3 3 criticised the government asking them to make their definition compatible with the ILO s official definition: "essential services" means services, [ ], the interruption of which would endanger the life, health or personal safety of the whole or part of the population". In practice there are grave violations of labour rights in Jamaica. Anti-union discrimination occurs by way of dismissal of unionised workers and actions by managers to get the recognition of trade unions withdrawn. Many reports show that employers fire workers with permanent contracts before re-recruiting them with short-term contracts and lower benefits. In other cases the Ministry of Labour has intervened directly in labour disputes to prevent industrial disputes from escalating to strikes. For example, the National Workers Union (NWU) has reported that the management at the Grand Palladium Resort and Spa has been engaged in intimidating their workers and employing anti-union tactics. According to the NWU, management tried to deceive the employees by offering them improved fringe benefits as well as attractive loans to discourage them from voting for union representation, and the union was forced to postpone the ballot. The law applied equally to export processing zones (EPZs). However it is common practice in companies in EPZs to threaten workers and create pro-employer workers councils, which interfere in the handling of complaints but are not allowed to engage in collective bargaining on working conditions or minimum wages. As a result, so far there are no unions at all in these zones. Summary The law requires excessive representation rates from unions to collectively bargain and the government has excessive powers of intervention in industrial relations. Anti-union discrimination and union-busting occur. One consequence of these violations of core labour standards is that there are no trade unions in the export processing zones (EPZs). II. Discrimination and Equal Remuneration Jamaica has ratified Convention No. 100 on Equal Remuneration and Convention No. 111 on Discrimination (Employment and Occupation), both in The Constitution does not provide protection against discrimination on the grounds of sex. The Employment (Equal Pay for Equal Work) Act of 1975, which applies to all workers, contractors, and those under apprenticeship as well as to all employers employing more than one employee, stipulates the right to equal pay for equal work, where equal work is defined as work with similar or substantially similar job requirements. This is not in line with Convention No. 100, providing for equal pay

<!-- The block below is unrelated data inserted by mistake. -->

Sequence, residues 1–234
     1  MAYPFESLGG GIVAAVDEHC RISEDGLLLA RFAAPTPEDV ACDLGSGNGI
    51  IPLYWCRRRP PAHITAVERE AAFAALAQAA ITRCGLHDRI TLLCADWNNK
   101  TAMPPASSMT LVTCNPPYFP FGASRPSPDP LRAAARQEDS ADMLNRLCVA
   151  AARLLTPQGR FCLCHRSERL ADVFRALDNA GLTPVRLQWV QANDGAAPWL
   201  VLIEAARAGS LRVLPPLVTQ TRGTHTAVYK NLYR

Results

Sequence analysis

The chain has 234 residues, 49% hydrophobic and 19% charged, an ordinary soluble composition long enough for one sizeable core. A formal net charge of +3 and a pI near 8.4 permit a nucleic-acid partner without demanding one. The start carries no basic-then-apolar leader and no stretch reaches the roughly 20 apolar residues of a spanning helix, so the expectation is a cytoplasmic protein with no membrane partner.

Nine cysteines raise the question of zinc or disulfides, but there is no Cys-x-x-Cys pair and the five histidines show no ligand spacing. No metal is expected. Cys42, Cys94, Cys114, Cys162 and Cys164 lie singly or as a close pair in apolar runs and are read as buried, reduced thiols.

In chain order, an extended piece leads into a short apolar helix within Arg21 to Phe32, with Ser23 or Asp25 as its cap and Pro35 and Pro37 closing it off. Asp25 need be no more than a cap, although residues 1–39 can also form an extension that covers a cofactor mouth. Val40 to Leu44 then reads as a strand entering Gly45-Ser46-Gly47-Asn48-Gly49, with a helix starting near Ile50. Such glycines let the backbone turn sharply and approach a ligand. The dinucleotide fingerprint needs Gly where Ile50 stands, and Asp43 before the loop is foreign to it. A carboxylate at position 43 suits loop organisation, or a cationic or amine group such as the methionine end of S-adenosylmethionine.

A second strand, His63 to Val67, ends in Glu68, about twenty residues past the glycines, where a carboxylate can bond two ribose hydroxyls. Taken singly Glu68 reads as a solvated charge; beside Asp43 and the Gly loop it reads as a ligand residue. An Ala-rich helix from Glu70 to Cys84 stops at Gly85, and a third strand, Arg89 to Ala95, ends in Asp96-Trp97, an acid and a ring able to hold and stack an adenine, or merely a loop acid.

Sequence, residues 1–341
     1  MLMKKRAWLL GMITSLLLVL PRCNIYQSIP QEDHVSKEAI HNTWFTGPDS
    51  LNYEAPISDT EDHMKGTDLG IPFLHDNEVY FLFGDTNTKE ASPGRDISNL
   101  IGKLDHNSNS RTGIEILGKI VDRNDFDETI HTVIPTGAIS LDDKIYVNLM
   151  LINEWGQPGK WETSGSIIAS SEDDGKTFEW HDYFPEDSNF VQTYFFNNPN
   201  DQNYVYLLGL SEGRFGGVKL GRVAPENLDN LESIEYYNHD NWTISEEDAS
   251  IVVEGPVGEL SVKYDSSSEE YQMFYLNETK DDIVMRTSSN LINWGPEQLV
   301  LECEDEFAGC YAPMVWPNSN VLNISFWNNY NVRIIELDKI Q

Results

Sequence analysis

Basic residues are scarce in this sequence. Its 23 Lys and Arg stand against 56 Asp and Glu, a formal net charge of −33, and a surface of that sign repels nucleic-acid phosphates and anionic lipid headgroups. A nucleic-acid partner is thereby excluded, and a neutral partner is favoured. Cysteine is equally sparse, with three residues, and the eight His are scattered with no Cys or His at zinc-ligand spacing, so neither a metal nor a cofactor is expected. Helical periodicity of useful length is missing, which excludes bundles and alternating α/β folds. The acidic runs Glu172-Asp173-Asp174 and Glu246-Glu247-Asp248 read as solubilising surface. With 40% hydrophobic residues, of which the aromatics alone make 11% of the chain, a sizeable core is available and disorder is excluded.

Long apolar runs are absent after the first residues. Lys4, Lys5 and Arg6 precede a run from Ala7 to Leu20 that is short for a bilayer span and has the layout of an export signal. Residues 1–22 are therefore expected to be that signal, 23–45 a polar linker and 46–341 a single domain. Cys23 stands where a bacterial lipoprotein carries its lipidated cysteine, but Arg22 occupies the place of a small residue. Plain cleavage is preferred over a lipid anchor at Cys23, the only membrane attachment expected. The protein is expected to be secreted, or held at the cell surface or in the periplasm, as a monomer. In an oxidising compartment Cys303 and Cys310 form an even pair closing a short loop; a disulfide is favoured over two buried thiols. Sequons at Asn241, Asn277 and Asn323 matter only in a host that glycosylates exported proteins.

4 4 between men and women for work of equal value, even though the work may be of a different nature. The Women (Employment of) Act, 1942, regulates the conditions of employment of women and stipulates protective provisions prohibiting women from performing certain work, such as night work. It applies to all businesses, with the exception of businesses in which only family members of the employer or owner are employed. The law does not prohibit sexual harassment at the workplace and the Bureau of Women's Affairs (BWA) has reported that it has become a disturbing problem. However, the BWA developed the National Gender Policy and the Sexual Harassment Policy to address sexual harassment and other gender related problems. The two Policies are awaiting endorsement by the Parliament. In practice women face discrimination in various aspects of employment. Although women have higher rates of literacy than men they receive only 65 percent of men s remuneration for work of equal value and they experience an unemployment rate three times higher than that of men. There is no law that forbids discrimination against disabled persons and discrimination in their employment occurs. There is no provision mandating accessibility of buildings. The competent authority is the Jamaica Council for Persons with disabilities and the National Policy for Persons with Disabilities (2002) provides the framework for equal treatment of persons with disabilities. The Policy established training for the disabled and the Steps-to-Work Programme under which a number of places are reserved for persons with disabilities, thereby increasing their opportunities for training and employment. The law prohibits homosexuality. Homosexuals face grave discrimination and there are reports of many violent attacks against them. It is obvious that such persons also face discrimination in employment. There are no laws that protect persons living with HIV/AIDS from discrimination and this group faces discrimination. The Ministry of Labour has cooperated with the ILO HIV/AIDS Workplace Education Project to reduce HIV/AIDS risk behaviour among targeted workers and to reduce the level of employment-related discrimination against workers living with HIV/AIDS. The programme has resulted, among other things, in an increase in the percentage of workplaces with HIV/AIDS policies or guidelines including provisions on non-discrimination. Summary The law is insufficient to provide adequate protection against discrimination for women, disabled persons and those who live with HIV/AIDS, while it prohibits homosexuality. Female workers and other vulnerable groups face discrimination in terms of remuneration as well as access to the labour market.